Biodiversity depletion figures strongly throughout the book, particularly in a chapter by Stephan Harding.  We are in the throes of a mass extinction entirely due to the economic activities of modern industrial societies.  Species are disappearing at a rate up to 10,000 times the natural rate. This is not all down to global warming, by any means, but it is part of the same heedlessness which treats the natural world as ours to do with as we will. Climate change is exacerbating the biodepletion, with the capacity to transform the Earth into a biological wasteland. It works both ways, for biodiversity also affects the climate.  Harding identifies some of the intricate ways in which this happens. Diverse ecological communities on land can increase the absorption of carbon dioxide. It is almost certain that biodiversity in the ocean also enhances this effect, through the presence of larger phytoplankton more often found in diverse communities.  Transpiration and evaporation are greater when there is diversity of land plants and can enhance cloud-making and energy distribution.  The roughness of mixed vegetation increases air turbulence which may well influence weather patterns. Harding rounds off his biodiversity chapter with the challenging observation that ultimately we may not be able to save what we do not love.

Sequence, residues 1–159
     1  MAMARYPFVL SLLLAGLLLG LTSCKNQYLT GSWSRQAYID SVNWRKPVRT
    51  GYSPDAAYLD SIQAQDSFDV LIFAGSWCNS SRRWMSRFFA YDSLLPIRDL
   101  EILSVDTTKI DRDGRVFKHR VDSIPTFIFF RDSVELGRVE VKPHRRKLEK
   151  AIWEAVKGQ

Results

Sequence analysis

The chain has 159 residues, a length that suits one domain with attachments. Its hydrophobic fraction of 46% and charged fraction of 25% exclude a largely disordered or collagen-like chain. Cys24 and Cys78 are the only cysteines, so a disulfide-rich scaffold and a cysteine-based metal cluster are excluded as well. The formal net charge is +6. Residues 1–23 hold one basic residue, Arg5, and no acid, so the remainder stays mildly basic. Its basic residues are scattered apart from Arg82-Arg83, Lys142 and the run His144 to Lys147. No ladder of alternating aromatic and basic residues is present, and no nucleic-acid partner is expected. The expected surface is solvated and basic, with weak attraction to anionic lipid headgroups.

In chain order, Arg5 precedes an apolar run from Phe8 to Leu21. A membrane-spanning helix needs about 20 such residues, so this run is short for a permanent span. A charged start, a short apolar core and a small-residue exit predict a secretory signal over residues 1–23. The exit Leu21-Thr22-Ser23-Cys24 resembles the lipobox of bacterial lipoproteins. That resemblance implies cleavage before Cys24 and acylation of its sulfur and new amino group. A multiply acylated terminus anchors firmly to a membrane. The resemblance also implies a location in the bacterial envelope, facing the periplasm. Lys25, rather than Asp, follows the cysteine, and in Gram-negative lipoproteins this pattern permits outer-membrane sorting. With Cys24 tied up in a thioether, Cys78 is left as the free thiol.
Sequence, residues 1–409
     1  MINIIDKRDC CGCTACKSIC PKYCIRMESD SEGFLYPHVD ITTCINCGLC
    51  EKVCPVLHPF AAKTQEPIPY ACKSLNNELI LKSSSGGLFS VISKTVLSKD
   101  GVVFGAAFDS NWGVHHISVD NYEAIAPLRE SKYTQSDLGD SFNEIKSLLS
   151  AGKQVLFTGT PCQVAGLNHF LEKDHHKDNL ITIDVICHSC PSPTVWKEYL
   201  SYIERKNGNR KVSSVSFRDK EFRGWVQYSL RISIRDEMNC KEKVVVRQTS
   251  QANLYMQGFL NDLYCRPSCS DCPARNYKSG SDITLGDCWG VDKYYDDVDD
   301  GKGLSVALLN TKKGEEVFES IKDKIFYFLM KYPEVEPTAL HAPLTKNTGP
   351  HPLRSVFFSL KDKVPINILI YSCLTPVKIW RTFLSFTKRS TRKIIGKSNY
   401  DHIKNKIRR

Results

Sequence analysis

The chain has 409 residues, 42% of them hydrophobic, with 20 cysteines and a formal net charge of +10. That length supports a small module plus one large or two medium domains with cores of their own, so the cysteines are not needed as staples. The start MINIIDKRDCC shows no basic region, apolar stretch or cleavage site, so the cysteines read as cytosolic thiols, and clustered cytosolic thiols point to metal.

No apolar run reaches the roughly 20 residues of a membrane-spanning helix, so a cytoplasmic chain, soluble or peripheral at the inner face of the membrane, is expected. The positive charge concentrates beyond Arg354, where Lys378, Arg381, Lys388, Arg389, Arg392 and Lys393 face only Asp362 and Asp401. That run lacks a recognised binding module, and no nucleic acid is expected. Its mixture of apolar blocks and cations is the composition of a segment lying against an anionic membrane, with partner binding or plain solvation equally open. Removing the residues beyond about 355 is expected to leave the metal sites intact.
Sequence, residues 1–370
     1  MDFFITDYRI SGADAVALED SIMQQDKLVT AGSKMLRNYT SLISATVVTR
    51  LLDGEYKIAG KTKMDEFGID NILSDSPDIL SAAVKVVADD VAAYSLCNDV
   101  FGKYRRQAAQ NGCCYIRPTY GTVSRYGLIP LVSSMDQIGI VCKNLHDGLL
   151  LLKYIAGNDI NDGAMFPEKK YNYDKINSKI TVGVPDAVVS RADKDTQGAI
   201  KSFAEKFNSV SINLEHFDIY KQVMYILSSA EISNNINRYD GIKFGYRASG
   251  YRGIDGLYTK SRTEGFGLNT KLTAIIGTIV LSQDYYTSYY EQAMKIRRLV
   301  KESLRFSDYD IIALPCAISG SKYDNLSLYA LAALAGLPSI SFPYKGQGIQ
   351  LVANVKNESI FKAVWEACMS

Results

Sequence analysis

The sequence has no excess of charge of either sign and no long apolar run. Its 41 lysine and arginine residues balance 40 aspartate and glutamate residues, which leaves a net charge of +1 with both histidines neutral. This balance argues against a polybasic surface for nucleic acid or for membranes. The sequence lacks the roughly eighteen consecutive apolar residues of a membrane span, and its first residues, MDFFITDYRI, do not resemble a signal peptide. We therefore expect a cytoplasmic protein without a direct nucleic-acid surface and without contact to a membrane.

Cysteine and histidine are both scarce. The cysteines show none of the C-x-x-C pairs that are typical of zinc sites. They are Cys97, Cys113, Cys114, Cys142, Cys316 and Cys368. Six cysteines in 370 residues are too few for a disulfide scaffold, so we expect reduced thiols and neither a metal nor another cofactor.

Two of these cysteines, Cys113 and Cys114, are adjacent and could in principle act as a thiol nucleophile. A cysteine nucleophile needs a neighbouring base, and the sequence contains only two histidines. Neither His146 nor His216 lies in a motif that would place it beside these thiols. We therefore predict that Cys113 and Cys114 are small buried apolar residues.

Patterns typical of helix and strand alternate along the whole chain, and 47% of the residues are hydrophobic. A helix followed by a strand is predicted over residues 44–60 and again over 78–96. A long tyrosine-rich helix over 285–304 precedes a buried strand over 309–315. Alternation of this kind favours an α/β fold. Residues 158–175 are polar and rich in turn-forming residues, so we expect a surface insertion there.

Lovelock himself makes a brief appearance in the book, in which he asks why the science of Gaia is still regarded by many as New Age mysticism and not part of science. He puts it down mainly to the stunning success of the reductionist approach to science, examplified in such triumphs as those in molecular biology and the deconvolution of the code of life.  The slow change to Earth system thinking would not matter so much if we humans had secure tenure on the Earth, but the climate changes we have set in motion appear to be changing the planet radically to one of its hot states. He ponders how Darwinian evolution might have been shaped had Darwin been aware that much of the environment, especially the atmosphere, was the product of living organisms. With such awareness he thinks Darwin would have realised that organisms and their environment form a coupled system and that what evolved was this system. Had Gaia been part of Darwin’s concept of evolution we might have realised sooner the consequences of deforestation and of adding greenhouse gases to the air.